Meta will reinstate the Facebook and Instagram accounts of former president Donald Trump “in the coming weeks,” the company announced on Wednesday. The move comes two years after the social networks banned Trump for praising rioters who stormed the US Capitol on Jan. 6, 2021.
“The public should be able to hear what politicians are saying so they can make informed choices,” Nick Clegg, Meta’s president of global affairs, wrote in the company’s announcement.
Trump announced in November 2022 that he will run for president again. His campaign had formally petitioned Meta to reinstate him on the platform, NBC News reported earlier this month. Since his suspension, Trump’s profile was accessible on both Facebook and Instagram but couldn’t be used to create new posts or run ads.
Trump’s accounts will have “new guardrails in place to deter repeat offenses,” Clegg said. If the former president posts anything that violates Meta’s speech policies, his posts will be removed, and he will be suspended once again for anywhere between a month and two years, depending on the severity of the violation. Meta may also limit the reach of his posts and prevent them from being shared or promoted.
In May 2021, the Facebook Oversight Board, a group of outside academics and other experts assembled by Meta to make high-level policy decisions, upheld Facebook’s decision to suspend the former president. However, they strongly criticized Facebook’s handling of it, noting the suspension was vague and undefined. The Oversight Board gave Facebook six months to reevaluate.
Facebook’s ban was the first time a major social network kicked Trump off its platform. Twitter followed a day later. But in November, Twitter’s new owner Elon Musk restored his account. Trump, however, hasn’t tweeted since then.
Trump reacted to the news Wednesday night on Truth Social, the platform he founded.
“FACEBOOK, which has lost Billions of Dollars in value since ‘deplatforming’ your favorite President, me, has just announced that they are reinstating my account. Such a thing should never again happen to a sitting President, or anybody else who is not deserving of retribution!” he wrote. “THANK YOU TO TRUTH SOCIAL FOR DOING SUCH AN INCREDIBLE JOB. YOUR GROWTH IS OUTSTANDING, AND FUTURE UNLIMITED!!!”
During his time as president, Trump spread hate and lies to a massive audience on Facebook. He ran ads that invoked a Nazi symbol, justified violence against Black Lives Matter protesters by saying “when the looting starts the shooting starts,” compared COVID-19 to the flu long after the dangers of the new disease became clear, and spread false information about the election, which seeded the ground for the insurrection.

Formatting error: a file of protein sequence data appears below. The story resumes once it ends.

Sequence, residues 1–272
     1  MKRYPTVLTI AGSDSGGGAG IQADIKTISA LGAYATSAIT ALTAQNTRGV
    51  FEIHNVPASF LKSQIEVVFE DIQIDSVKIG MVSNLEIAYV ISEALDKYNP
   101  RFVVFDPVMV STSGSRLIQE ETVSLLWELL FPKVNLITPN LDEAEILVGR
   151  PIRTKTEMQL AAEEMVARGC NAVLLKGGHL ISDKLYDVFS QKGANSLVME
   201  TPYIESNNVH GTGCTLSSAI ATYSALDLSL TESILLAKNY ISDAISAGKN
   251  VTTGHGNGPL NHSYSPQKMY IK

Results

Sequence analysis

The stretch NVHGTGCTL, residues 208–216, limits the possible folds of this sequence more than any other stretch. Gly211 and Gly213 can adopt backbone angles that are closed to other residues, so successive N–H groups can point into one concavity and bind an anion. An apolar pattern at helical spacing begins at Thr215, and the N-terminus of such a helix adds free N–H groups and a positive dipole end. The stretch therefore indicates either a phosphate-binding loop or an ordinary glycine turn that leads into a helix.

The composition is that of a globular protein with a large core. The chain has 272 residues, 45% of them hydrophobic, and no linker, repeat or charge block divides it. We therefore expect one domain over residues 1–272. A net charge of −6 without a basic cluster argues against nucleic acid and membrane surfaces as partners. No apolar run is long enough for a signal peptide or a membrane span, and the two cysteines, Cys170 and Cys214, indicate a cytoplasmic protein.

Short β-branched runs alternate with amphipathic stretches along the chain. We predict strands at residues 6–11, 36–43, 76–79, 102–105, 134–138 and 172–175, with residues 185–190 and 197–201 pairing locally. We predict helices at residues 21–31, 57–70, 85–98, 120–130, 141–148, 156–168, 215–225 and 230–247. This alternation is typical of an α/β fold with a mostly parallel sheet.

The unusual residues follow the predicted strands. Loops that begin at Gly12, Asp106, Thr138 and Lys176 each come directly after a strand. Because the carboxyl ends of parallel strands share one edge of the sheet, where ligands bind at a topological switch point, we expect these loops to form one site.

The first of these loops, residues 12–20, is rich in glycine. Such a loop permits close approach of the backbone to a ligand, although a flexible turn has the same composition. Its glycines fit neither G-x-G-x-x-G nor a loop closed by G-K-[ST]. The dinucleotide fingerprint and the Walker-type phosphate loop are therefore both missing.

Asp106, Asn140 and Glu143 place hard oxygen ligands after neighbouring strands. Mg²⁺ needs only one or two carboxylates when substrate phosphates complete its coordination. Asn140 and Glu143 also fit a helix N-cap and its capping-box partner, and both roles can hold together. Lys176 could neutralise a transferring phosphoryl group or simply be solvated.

Facebook largely avoided taking action against the former president until after Jan. 6. It added warning labels to some of his posts, despite evidence those labels were ineffective. Executives justified leaving his posts up despite outcry from employees.
“We believe the risks of allowing the President to continue to use our service during this period are simply too great,” Zuckerberg wrote on Jan. 7, 2021. At the time, the CEO said the ban would last “at least the next two weeks until the peaceful transition of power is complete.”
Meta’s decision will have ripple effects not just in the US but worldwide, Imran Ahmed, the CEO of the Center for Countering Digital Hate, told BuzzFeed News.
“He’ll go back to being a superspreader of misinformation on social media,” Ahmed said. “It will send a very direct message that the impunity continues, that there are no consequences for malignant behavior.”
In a statement on Wednesday, Wendy Via, president of the Global Project Against Hate and Extremism, said Meta’s decision would empower not only Trump, but far-right leaders around the world.
“Facebook’s decision to let Donald Trump return to the platform is incredibly dangerous. Time and time again, we’ve seen Trump’s lies and rhetoric spread hate, incite violence, and undermine democracies,” she said. “With its nearly three billion active users, Facebook’s move to welcome Trump back shows its willingness to be complicit in the spread of hate and extremism.”
Jane Lytvynenko and Ryan Mac contributed to this report.